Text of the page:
Hi, my name is: Codling Moth

Describe yourself: Man… I have the best sense of humour! Ready… “What’s worse than finding a worm in your apple?” “Finding half a worm in your apple!!!” That joke’s about me, well, me, when I was a little tacker! Now that I am all grown up I am a pretty handsome fella, grey coloured, with light grey and copper colour on my wings… which are a pretty impressive 20mm across!

Hobbies: Laying pin head sized eggs after dark, munching right into the middle of fruit, pupating in loose bark, breeding!

Likes: Well, as a young kid I love apples, pears, quinces and crabapples. My dad loves cheap sherry and port, and mum loves laying eggs when the temperature gets over 15 degrees at night time. Mum really loves it when the trees have just finished flowering, it makes her want to have babies!

Dislikes: Clean trees and gardens, chooks, when people remove fruit with holes in it. I hate soaps – like home made chilli soap, or store bought stuff (like Beat-a-Bug). I can’t stand Dipel… this stuff makes me sick! There are also codling moth traps (Desire) which I am a real sucker for. Dad can’t really handle his port and sherry!

You’ll know you’ve met me when: Your fruits (especially apples) will be riddled with holes, brown and squishy on the inside, and will fall of the tree really early!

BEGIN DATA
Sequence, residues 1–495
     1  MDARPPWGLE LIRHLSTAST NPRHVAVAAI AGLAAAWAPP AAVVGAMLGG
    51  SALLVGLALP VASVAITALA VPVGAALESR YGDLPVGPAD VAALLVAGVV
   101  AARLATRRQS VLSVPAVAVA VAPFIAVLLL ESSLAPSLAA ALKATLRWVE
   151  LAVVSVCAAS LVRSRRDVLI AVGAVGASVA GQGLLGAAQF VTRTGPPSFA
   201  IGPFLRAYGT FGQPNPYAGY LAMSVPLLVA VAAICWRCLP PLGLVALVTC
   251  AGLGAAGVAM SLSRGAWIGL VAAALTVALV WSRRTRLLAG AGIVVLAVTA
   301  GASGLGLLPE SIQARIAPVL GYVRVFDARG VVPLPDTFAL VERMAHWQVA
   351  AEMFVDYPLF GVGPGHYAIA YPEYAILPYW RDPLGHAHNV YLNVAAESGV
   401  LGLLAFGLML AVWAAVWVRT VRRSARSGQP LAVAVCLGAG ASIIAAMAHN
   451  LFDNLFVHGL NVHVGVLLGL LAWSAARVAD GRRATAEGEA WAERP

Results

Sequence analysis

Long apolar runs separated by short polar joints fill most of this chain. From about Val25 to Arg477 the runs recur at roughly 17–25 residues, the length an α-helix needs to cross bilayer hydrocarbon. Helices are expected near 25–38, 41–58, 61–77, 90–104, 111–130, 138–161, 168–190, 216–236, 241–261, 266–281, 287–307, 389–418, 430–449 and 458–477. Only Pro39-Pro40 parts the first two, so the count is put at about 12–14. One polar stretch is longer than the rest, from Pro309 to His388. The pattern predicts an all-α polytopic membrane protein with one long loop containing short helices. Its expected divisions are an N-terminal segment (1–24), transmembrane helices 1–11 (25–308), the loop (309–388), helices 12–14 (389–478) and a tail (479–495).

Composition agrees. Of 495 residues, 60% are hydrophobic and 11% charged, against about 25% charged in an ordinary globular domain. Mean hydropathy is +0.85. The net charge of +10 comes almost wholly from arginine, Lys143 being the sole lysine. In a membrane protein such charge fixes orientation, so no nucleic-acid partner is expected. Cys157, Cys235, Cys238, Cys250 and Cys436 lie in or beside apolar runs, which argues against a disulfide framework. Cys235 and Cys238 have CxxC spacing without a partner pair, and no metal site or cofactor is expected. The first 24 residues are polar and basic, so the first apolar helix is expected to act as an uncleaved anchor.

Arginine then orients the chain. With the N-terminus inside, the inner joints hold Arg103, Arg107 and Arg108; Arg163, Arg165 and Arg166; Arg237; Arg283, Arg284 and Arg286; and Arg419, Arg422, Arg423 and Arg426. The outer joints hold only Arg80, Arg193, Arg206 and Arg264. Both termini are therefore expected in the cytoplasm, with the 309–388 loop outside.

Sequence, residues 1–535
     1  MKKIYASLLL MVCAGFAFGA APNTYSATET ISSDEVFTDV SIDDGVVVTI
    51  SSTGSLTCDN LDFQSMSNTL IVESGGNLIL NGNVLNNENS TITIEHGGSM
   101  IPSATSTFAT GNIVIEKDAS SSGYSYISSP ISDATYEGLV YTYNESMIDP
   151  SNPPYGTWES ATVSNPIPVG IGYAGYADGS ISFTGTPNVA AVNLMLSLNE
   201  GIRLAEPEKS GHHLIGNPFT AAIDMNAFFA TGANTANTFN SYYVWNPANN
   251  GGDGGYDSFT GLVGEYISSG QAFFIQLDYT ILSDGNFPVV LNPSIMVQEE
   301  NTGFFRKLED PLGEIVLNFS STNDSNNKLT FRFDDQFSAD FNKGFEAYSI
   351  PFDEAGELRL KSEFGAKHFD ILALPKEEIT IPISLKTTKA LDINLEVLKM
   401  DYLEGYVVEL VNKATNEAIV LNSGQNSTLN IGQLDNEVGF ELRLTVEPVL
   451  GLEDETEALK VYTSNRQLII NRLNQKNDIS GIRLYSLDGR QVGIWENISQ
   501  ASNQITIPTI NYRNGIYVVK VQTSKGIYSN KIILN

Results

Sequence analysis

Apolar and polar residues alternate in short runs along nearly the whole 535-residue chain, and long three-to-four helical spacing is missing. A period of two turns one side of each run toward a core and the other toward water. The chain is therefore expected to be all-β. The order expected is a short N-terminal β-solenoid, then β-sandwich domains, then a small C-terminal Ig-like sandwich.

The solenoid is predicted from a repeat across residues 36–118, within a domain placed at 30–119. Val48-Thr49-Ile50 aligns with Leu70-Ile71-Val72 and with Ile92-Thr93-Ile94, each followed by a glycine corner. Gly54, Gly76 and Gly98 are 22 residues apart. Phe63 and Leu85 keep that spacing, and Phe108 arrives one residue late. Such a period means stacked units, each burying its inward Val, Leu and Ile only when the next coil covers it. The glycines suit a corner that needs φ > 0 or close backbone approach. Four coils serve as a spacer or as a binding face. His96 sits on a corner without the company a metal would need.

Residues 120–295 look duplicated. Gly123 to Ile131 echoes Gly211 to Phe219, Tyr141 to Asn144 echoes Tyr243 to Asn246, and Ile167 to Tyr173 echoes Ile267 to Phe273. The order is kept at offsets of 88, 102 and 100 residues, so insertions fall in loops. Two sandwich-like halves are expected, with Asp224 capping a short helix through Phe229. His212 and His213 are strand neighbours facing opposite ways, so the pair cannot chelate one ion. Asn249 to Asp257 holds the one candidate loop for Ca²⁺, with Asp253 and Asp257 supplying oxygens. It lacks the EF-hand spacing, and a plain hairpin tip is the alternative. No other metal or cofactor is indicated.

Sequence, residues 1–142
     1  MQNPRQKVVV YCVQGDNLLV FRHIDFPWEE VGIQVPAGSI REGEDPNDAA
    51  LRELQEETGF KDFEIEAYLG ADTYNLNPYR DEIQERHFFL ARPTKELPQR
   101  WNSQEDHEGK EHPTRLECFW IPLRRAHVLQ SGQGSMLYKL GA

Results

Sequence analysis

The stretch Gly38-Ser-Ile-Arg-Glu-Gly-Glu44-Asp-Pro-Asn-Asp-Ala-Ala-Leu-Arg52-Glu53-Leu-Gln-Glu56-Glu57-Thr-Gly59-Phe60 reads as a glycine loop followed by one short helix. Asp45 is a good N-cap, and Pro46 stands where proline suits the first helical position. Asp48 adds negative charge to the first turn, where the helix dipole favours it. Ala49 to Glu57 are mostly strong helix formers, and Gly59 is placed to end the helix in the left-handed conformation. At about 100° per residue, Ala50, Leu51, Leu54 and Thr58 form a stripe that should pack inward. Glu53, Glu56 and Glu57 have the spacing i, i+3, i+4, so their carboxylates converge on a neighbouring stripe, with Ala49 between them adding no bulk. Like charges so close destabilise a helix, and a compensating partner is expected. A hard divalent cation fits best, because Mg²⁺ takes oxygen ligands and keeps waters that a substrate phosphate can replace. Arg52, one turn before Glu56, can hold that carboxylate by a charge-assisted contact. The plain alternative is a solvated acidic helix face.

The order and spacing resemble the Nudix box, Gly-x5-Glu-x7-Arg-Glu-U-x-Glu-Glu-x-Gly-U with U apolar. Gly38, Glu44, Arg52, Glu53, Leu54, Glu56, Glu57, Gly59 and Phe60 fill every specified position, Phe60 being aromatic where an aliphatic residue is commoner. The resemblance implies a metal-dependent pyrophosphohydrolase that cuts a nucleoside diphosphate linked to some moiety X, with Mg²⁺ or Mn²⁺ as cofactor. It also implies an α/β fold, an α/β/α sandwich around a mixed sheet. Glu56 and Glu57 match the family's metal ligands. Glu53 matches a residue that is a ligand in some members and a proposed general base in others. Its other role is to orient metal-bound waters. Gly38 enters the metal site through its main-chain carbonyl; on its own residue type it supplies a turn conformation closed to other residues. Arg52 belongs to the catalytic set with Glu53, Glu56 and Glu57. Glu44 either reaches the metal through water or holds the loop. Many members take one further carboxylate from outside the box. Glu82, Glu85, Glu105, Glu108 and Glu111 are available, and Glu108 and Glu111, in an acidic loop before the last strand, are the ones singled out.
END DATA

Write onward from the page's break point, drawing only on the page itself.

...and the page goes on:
Breaking up ain’t hard to do… if:

  • You pay attention to the timing. If you catch boys in a sherry trap (a jar filled with sherry and hung in a tree) the girls are about to lay eggs
  • Using Dipel at the right time (ie: when the eggs are laid but the fruit not infested)
  • Inspect the trees every few days, collect any fruit you find with small holes and destroy it by placing it in a sealed, black plastic bag in the sun. Or feed it to the chooks!
  • Remove loose bark and leaf debris from the tree, to reduce hiding places for cocoons.
  • Put bags around the fruit on your trees

Photographs:

Banner image:  Picture taken by Olaf Leillinger [CC BY-SA 2.5 (https://creativecommons.org/licenses/by-sa/2.5) or GFDL (http://www.gnu.org/copyleft/fdl.html)], from Wikimedia Commons

Pic1: Courtesy of Western Australian Dept. of Agriculture
Pic2: Courtesy of Meredith Nursery
Pic 3: www.biology_blog.com
Pic 4: www.greenharvest.com.au Description: Desire Coddling Moth Trap